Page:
I know many parents, who are bilingual, that are asking themselves that very same question. Some parents speak a different language than their partner and there are some people who are not bilingual but would like their children to be bilingual. The same question, however, the way each family addresses the bilingual education is very different. So, how do we raise bilingual children? Let’s review a few approaches.
- One parent-one language approach. Here each parent speak their native language to the child. That way the child has daily influence of both languages. This really help the child acquire both sets of words at the same time.
- Time-based approach. Here, both parents have to be bilingual (if possible), and as a family choose when to speak each language. It could be by month (one month one language, then the second language and keep switching), or weekly or even daily (e.g. Spanish in the morning, English at night). This approach reinforces learning both languages with both parents.
- Home language-community language approach. Here parents speak a different language than the dominant language in the community. For example, Spanish-speaking parents living in the United States. With this approach (very common in the United States, by the way), the child hears the first language (or Native Language) at home and will usually start learning the second language (community language) when he/she goes to school. In this situation the child might have a strong language background to support the second language learning.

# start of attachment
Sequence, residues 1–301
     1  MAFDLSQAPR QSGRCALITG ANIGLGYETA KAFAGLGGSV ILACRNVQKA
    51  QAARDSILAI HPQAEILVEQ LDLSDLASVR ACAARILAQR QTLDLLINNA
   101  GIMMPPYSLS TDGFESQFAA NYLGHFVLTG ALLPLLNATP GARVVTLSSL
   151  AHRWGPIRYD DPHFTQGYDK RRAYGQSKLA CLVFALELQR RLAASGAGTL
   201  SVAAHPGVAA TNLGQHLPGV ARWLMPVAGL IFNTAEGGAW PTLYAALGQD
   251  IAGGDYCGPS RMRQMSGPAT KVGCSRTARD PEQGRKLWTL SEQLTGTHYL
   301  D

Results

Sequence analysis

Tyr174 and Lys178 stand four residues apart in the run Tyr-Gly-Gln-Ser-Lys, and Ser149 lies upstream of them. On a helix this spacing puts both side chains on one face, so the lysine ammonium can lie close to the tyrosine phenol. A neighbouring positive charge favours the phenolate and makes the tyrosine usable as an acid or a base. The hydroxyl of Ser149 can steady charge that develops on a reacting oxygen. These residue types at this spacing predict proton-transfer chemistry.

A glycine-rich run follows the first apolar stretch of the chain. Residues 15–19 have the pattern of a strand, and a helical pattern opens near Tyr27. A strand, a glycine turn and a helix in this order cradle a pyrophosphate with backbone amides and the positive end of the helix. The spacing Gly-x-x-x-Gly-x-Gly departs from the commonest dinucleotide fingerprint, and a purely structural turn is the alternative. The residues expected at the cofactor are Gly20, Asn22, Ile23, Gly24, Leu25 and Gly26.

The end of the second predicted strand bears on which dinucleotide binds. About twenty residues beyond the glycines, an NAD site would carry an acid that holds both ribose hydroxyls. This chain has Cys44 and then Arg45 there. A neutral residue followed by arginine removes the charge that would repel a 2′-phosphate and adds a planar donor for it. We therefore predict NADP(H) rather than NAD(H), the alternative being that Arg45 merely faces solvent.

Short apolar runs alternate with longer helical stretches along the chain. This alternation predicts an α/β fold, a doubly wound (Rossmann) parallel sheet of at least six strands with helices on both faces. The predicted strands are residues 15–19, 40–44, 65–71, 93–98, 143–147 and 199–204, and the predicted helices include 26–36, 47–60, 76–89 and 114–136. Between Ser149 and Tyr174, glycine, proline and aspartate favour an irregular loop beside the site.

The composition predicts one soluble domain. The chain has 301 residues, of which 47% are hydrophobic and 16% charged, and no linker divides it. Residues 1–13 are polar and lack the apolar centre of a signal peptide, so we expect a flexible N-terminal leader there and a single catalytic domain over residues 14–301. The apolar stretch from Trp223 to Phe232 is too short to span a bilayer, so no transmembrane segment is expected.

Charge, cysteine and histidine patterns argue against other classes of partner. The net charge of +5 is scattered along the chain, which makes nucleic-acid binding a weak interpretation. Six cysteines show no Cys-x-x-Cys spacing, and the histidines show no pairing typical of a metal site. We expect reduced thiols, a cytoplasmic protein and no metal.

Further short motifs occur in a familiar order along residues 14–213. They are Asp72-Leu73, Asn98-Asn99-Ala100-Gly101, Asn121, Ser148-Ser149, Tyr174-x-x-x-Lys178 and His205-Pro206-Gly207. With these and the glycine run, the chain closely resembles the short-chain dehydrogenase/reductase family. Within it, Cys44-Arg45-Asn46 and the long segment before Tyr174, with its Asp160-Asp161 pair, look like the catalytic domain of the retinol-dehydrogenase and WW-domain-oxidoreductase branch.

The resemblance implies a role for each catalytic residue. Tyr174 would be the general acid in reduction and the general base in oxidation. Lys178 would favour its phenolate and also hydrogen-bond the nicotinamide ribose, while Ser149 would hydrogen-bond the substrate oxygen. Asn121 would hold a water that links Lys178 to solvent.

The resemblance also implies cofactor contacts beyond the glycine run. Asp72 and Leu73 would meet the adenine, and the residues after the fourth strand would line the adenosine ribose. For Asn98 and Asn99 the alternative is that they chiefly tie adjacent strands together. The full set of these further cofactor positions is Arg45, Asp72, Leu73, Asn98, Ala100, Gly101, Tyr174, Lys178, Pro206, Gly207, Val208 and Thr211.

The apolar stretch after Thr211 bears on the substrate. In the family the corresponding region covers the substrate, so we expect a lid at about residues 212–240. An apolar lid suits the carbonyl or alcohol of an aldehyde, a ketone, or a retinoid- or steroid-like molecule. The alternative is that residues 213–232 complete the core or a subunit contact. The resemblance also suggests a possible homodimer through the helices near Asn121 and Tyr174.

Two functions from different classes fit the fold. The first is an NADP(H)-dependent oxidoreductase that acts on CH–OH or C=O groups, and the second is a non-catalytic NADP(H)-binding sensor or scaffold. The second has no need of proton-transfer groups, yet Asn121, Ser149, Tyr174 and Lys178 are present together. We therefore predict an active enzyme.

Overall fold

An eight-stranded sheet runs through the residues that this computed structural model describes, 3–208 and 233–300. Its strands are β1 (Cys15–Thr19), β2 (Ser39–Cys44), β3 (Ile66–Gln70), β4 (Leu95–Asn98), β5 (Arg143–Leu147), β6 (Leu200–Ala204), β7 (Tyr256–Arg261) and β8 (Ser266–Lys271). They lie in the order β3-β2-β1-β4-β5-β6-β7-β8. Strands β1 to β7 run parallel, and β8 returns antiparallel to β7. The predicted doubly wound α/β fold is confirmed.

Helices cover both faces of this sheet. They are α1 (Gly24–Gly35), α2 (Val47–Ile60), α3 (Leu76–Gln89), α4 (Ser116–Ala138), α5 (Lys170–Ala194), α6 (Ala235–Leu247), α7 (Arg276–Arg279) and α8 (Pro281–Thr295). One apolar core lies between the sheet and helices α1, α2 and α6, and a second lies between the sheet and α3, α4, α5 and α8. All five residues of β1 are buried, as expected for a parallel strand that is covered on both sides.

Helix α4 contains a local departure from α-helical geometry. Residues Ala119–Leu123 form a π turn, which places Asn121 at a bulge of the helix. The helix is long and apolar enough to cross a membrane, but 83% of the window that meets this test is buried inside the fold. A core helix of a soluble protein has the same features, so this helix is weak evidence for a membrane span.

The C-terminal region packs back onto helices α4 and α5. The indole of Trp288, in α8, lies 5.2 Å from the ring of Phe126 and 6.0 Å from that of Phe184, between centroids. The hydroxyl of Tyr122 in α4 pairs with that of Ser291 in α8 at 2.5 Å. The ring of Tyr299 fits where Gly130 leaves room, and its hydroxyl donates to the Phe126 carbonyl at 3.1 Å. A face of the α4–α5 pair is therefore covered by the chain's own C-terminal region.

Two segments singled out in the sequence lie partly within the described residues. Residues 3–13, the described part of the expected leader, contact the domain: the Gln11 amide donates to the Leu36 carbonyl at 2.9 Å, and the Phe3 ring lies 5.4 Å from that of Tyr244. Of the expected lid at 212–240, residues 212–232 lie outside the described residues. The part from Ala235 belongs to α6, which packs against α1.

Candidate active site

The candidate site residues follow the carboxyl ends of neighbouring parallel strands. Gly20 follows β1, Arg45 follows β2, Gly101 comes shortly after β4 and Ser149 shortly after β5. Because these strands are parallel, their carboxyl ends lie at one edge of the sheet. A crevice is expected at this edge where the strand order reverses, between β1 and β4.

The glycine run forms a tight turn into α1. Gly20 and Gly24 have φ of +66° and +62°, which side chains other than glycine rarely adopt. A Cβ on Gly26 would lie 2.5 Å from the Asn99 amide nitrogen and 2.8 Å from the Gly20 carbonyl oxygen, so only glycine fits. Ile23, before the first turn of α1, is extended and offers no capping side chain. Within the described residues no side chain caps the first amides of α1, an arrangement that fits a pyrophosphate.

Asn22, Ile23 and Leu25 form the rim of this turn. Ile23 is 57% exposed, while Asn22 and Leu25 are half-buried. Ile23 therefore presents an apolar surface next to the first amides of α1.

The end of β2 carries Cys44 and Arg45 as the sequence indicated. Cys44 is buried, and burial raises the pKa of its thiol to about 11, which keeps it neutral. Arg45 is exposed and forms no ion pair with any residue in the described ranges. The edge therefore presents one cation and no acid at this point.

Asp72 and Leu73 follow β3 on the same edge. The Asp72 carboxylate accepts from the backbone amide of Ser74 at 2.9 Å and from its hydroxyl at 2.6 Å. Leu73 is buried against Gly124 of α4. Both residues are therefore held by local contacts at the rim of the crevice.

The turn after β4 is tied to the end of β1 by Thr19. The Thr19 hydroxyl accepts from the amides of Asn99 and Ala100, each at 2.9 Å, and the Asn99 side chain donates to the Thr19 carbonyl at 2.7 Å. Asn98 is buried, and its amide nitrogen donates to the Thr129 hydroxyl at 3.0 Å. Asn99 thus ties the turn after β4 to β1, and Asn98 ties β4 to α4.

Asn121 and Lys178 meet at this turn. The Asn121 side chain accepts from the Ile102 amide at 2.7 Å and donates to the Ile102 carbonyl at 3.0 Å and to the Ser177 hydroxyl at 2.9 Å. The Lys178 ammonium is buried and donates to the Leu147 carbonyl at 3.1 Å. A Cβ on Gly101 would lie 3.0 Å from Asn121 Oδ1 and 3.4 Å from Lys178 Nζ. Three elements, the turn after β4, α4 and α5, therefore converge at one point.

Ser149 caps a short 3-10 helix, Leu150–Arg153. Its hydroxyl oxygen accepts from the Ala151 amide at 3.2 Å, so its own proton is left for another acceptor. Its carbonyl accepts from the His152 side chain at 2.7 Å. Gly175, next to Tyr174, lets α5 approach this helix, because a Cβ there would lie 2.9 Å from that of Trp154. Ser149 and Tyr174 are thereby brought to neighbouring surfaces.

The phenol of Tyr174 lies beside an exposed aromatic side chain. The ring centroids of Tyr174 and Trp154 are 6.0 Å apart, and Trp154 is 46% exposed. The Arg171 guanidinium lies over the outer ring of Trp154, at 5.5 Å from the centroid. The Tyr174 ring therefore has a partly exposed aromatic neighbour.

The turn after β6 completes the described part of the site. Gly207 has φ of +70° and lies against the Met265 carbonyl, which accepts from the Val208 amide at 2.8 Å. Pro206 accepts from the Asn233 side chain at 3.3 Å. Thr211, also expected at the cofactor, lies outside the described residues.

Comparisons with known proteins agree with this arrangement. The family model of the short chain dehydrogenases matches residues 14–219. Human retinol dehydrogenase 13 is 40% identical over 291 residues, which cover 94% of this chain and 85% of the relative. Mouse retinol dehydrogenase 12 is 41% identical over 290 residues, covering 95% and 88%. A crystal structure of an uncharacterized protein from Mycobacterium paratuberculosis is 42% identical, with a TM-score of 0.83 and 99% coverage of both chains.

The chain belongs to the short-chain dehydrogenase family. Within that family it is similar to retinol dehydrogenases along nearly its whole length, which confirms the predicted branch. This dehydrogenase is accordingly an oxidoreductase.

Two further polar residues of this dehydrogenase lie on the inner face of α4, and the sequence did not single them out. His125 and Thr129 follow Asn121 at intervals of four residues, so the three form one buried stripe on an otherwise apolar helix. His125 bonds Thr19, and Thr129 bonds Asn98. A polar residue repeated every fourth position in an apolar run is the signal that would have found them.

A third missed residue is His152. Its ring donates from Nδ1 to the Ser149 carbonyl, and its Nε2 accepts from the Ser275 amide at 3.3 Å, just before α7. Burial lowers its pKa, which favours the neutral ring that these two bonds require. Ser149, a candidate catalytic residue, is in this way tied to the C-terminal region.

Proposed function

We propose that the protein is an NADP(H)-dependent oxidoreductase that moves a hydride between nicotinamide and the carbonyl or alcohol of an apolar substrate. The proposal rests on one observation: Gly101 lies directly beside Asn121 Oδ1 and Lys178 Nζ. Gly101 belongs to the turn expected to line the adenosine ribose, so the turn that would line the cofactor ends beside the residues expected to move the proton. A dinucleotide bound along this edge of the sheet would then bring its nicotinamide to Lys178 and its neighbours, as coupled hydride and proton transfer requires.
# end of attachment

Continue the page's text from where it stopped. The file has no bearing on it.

- Mixed language approach. Here both (or one at least) parents are bilingual and the child is exposed to both languages all or most of the time. This approach is slightly different from the one parent-one language approach because the child learns to speak both languages with both parents and does not have to choose a language for a specific parent.
Things to consider when choosing your approach: When choosing a style of bilingual acquisition, take into consideration that growing up, the child will use more the language that is NEEDED the most. If the home-language is different from the community-language, as they grow, they won’t use the home-language as much, because they realize that they NEED the community-language to “survive”. However, if the home-language is reinforced by all (or most) members of the family as much as they can, the home-language will become “important” as well to “survive” (at least at home!)
Also, consider exposing the child as soon as possible (in the womb, remember?). Early exposure of both languages, will help the child acquire language similar to monolingual children.
I think I will choose the first and second approach for my kids. What do you do? Any other suggestions?